Monday, November 18, 2013

Washington Post: Harkin-Sanchez benefit increase/tax max plan “wrong-headed”

The Washington Post’s editors weigh in against legislation from Sen. Tom Harkin and Rep. Linda Sanchez that would increase social security benefits and COLAs, funded by eliminating the Social Security “tax max”:

The fiscal predicament facing the U.S. government is a double one: how to bring taxes and spending into rough long-term balance while ending the squeeze on non-entitlement spending enshrined in current law. It’s not an easy task. It won’t get any easier if progressives define progressivism as opposition to budgetary realism.

Check it out here.


WilliamLarsen said...

It also would extend the life of the notional trust fund from which benefits are drawn by 16 years. To pay for this, the bill would subject all wage and salary income to the 12.4 percent Social Security payroll tax, as opposed to only drawing from income up to $113,700 as is presently done. For someone earning $200,000 per year, this would mean a tax increase of more than $4,000 per year. For someone earning $1 million, the tax increase would be $58,700.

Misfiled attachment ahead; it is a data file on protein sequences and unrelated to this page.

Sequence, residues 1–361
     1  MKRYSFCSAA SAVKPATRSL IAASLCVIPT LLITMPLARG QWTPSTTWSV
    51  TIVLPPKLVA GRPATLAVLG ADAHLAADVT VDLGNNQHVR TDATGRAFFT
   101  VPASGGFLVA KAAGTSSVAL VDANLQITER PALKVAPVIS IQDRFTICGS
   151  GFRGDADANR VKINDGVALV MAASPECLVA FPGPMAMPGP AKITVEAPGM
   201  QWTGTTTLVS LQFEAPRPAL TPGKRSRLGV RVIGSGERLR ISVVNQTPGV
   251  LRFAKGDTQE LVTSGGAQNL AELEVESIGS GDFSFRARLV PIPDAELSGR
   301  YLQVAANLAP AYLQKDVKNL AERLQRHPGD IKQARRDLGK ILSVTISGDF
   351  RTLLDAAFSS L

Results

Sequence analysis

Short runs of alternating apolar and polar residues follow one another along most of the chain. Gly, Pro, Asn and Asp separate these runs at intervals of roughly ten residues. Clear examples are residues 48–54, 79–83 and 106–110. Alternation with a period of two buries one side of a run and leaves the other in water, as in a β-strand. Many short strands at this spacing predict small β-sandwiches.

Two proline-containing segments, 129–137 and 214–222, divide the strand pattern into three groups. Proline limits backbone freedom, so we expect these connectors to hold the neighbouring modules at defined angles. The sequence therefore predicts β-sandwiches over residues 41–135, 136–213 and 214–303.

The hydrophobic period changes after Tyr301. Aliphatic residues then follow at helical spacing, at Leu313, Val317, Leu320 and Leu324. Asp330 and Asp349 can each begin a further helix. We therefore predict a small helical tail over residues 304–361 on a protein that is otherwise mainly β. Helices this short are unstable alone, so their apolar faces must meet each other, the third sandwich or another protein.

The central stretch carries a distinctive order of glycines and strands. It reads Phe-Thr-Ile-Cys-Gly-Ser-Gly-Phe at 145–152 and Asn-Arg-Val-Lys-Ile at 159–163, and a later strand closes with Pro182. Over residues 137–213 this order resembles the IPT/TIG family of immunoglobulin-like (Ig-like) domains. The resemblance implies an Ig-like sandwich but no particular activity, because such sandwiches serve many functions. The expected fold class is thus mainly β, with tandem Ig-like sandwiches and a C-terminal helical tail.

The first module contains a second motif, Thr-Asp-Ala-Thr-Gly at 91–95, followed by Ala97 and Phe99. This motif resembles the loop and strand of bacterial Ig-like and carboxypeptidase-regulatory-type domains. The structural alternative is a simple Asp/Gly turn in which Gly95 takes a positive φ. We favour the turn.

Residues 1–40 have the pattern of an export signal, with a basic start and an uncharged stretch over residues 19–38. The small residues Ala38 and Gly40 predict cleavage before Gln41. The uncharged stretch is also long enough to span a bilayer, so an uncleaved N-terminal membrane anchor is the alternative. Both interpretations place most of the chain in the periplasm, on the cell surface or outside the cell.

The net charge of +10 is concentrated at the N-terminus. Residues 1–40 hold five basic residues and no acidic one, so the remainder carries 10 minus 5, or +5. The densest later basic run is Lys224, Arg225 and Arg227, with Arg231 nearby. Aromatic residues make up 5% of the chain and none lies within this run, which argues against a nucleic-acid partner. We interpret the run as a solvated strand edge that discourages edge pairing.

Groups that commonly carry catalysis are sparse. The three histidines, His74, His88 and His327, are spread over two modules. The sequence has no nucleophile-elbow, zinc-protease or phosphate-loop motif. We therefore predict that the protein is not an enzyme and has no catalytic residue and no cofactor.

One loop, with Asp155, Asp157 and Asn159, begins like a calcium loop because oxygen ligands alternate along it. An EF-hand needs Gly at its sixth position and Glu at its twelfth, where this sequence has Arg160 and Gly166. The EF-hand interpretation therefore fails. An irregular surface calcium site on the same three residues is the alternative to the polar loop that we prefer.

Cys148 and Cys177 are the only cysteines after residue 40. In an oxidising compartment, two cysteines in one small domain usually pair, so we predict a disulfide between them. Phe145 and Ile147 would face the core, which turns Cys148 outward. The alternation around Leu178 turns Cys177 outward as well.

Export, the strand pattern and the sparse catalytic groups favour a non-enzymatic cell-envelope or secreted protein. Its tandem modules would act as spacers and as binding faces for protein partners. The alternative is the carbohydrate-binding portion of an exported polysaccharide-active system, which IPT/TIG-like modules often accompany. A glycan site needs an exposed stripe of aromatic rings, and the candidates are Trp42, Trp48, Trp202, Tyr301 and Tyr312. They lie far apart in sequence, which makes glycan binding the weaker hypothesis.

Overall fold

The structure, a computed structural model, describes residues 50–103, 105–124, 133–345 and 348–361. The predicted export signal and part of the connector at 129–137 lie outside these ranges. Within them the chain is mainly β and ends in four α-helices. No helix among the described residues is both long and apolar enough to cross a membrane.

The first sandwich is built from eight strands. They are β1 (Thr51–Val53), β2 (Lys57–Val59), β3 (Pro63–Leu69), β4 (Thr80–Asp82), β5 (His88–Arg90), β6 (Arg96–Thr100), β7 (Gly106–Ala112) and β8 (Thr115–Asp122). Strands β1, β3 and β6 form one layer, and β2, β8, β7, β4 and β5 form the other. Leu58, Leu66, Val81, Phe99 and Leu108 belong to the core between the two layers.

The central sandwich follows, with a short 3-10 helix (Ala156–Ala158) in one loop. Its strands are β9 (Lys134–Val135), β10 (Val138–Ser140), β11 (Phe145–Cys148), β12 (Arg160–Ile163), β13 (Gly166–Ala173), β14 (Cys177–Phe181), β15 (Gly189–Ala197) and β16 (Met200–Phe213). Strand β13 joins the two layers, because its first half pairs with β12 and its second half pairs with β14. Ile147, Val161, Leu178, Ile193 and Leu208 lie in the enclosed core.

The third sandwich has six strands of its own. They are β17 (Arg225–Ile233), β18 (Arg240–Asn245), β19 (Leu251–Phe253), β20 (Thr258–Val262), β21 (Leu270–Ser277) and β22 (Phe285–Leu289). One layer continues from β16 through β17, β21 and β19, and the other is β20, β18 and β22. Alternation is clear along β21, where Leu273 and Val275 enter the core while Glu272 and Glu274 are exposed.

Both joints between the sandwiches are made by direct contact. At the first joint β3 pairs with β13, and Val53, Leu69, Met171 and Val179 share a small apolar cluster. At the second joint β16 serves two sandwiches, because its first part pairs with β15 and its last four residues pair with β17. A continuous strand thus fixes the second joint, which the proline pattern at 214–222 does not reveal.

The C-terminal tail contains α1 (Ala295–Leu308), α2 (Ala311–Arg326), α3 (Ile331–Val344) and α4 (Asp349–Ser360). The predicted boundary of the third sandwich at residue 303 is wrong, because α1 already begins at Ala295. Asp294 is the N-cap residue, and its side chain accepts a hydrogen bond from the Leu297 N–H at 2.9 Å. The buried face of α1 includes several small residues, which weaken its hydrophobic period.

I have said for a very long time that eliminating the cap does not solve the Social Security OASI problem.

When will the majority of the people finally realize the needs of the few do not out weigh the needs of the many? The few have perpetrated a great fraud on the many by claiming a moral or earned right to Social Security.

The problem is that it is a ponzi scheme.

If all wage income is not sufficient to make SS-OASI fully funded, what will?

Could it be there is no fix at this late stage to save Social Security? Could it be that throwing good money into a black hole is a bad idea?

Arne said...

Both CBO and SS trustess reports say that eliminating the cap does solve the problem (if without the benefit increases that Harkin and Sanchez propose.) I don't think it is the right solution, but we are going to get nowhere if we can't agree on what numbers are valid.

The Washington Post definition of budgetary realism is no new taxes. My definition is we need to figure out whether we are willing to pay for what we ask for. As long as our societies businesses depend on better educated, healthy workers and consumers, it behooves both society and those business to look out for the workers and consumers.